How Do First Generation Antipsychotics Work?
First generation antipsychotics are medications used in the treatment of schizophrenia and psychosis. First generation antipsychotics, also known as typical or conventional antipsychotics are the initial class of drugs developed to treat psychotic disorders.
First generation antipsychotics primarily work by reducing the activity of dopamine, one of the chemicals (neurotransmitters) released in the brain by nerve cells (neurons) to transmit signals. Some of the first generation antipsychotics also have effects on other neurotransmitters such as norepinephrine and acetylcholine.
Dopamine has many functions that include pleasure sensation, mood, learning and memory, among others. Norepinephrine improves energy and attention, and acetylcholine is responsible for muscle contraction and is used in treating nervous system disorders that cause uncontrolled muscle contractions.
First generation antipsychotics work by blocking D2 dopamine receptors, which are protein molecules on neuronal membranes that initiate excitatory action when stimulated by dopamine. The first generation antipsychotics also depress the release of hormones by the hypothalamus and pituitary gland.
One of the first generation antipsychotics, loxapine, in addition to D2 receptors, blocks the activity of serotonin 5-HT2A receptors. Serotonin is another neurotransmitter that regulates mood and behavior, blocks 5-HT2A receptors which are excitatory, reduces aggression and has a calming effect.
How Are First Generation Antipsychotics Used?
First generation antipsychotics may be administered as:
- Oral tablets, capsules, solutions or oral inhalations
- Intramuscular (IM), intravenous (IV) or subcutaneous (SC) injections
First generation antipsychotics are used to treat the following conditions:
- Psychotic disorders
- Sedation for psychosis
- Acute agitation
- Behavioral disorders
- Schizophrenia and bipolar I agitation
- Non-psychotic anxiety
- Tourette syndrome (a nervous system disorder involving repetitive movements or unwanted sounds)
- Nausea and vomiting
What Are Side Effects of First Generation Antipsychotics?
Side effects of first generation antipsychotics may include the following:
- Extrapyramidal symptoms, which are drug-induced movement disorders such as:
- Anticholinergic effects such as:
- Cerebral edema
- Peripheral edema
- Poikilothermia (inability to regulate core body temperature)
- Impaired regulation of body temperature
- Hyperpyrexia (high temperature)
- Heat stroke
- Increased appetite
- Increased thirst
- Weight gain
- Decreased gag reflex
- Diminished sweating
- Nasal congestion
- Hypotension (low blood pressure)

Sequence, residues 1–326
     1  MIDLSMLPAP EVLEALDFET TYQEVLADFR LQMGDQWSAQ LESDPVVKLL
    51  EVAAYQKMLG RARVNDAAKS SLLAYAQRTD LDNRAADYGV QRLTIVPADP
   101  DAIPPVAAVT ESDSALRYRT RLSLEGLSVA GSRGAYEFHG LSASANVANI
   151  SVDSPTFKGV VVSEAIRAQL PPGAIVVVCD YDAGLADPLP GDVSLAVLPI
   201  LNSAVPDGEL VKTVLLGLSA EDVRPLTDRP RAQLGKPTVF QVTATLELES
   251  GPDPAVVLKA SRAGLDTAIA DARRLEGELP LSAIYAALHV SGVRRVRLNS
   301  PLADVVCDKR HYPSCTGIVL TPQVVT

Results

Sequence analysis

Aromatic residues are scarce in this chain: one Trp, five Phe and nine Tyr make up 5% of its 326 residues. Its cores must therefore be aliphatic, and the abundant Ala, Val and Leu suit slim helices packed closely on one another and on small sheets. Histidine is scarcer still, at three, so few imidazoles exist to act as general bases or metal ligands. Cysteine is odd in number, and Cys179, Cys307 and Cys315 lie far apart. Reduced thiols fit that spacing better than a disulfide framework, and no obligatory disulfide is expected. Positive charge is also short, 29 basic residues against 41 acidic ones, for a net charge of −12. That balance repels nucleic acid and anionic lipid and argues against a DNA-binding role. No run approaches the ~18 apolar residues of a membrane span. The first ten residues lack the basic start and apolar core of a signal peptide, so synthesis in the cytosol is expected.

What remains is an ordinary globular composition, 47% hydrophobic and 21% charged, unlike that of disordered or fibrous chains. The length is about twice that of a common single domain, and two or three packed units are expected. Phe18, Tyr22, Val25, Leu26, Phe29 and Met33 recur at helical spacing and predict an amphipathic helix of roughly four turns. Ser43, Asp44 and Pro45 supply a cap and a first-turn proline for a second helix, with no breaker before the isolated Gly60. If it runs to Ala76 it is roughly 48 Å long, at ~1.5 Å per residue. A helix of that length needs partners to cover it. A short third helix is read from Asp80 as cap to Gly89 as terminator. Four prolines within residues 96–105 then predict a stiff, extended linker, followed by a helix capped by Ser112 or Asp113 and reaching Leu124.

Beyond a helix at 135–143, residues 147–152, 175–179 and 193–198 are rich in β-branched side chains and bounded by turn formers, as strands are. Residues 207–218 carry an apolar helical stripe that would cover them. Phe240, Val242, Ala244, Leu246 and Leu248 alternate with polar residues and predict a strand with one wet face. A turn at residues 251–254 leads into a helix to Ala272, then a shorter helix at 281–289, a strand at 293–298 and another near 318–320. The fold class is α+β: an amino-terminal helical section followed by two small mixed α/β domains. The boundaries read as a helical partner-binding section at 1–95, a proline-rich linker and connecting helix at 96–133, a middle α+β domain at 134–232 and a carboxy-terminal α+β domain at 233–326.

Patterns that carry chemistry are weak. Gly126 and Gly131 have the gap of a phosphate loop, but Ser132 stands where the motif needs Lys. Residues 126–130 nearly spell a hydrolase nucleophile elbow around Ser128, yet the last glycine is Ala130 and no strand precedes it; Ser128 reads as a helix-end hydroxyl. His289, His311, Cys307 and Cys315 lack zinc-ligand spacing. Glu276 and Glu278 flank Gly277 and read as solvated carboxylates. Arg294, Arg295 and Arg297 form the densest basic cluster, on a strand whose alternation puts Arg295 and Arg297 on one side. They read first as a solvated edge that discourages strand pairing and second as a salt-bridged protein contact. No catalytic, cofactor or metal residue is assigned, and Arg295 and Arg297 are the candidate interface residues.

- Orthostatic hypotension (blood pressure drop when standing up from sitting or lying down)
- Abnormal ECG results
- Torsades de Pointes (irregular heart rhythm in which the ventricles beat faster and out of synchronization with the atria)
- Tachycardia (rapid heartbeat)
- Respiratory adverse effects in patients with COPD (with oral inhalations)
- Speech disorder
- Dysgeusia (taste disorder)
- Throat irritation
- Visual disturbance
- Oculogyration (prolonged upward deviation of the eyes)
- Lens opacity
- Retinal disorders such as:
- Paralytic ileus (intestinal blockage due to paralysis of intestinal muscles)
- Obstipation (a severe form of constipation)
- Anorexia (loss of appetite)
- Dyspepsia (indigestion)
- Hypersensitivity reactions such as:
- Drug-induce systemic lupus erythematosus (SLE), an autoimmune condition
- Blood disorders such as:
- Abnormal liver function test results
- Obstructive hyperbilirubinemia (buildup of bilirubin, a type of jaundice)
- Cholestatic jaundice (jaundice due to impaired bile flow)
- Erectile dysfunction
- Priapism (persistent and painful erection)
- Ejaculatory disorder
- Increased libido
- Impaired, irregular or absent menstruation
- Gynecomastia (breast tissue growth in males)
- Galactorrhea (abnormal milk production and leakage)
- Rhabdomyolysis (breakdown of skeletal muscle cells)
Information contained herein is not intended to cover all possible side effects, precautions, warnings, drug interactions, allergic reactions, or adverse effects. Check with your doctor or pharmacist to make sure these drugs do not cause any harm when you take them along with other medicines. Never stop taking your medication and never change your dose or frequency without consulting your doctor.
Mental Health Resources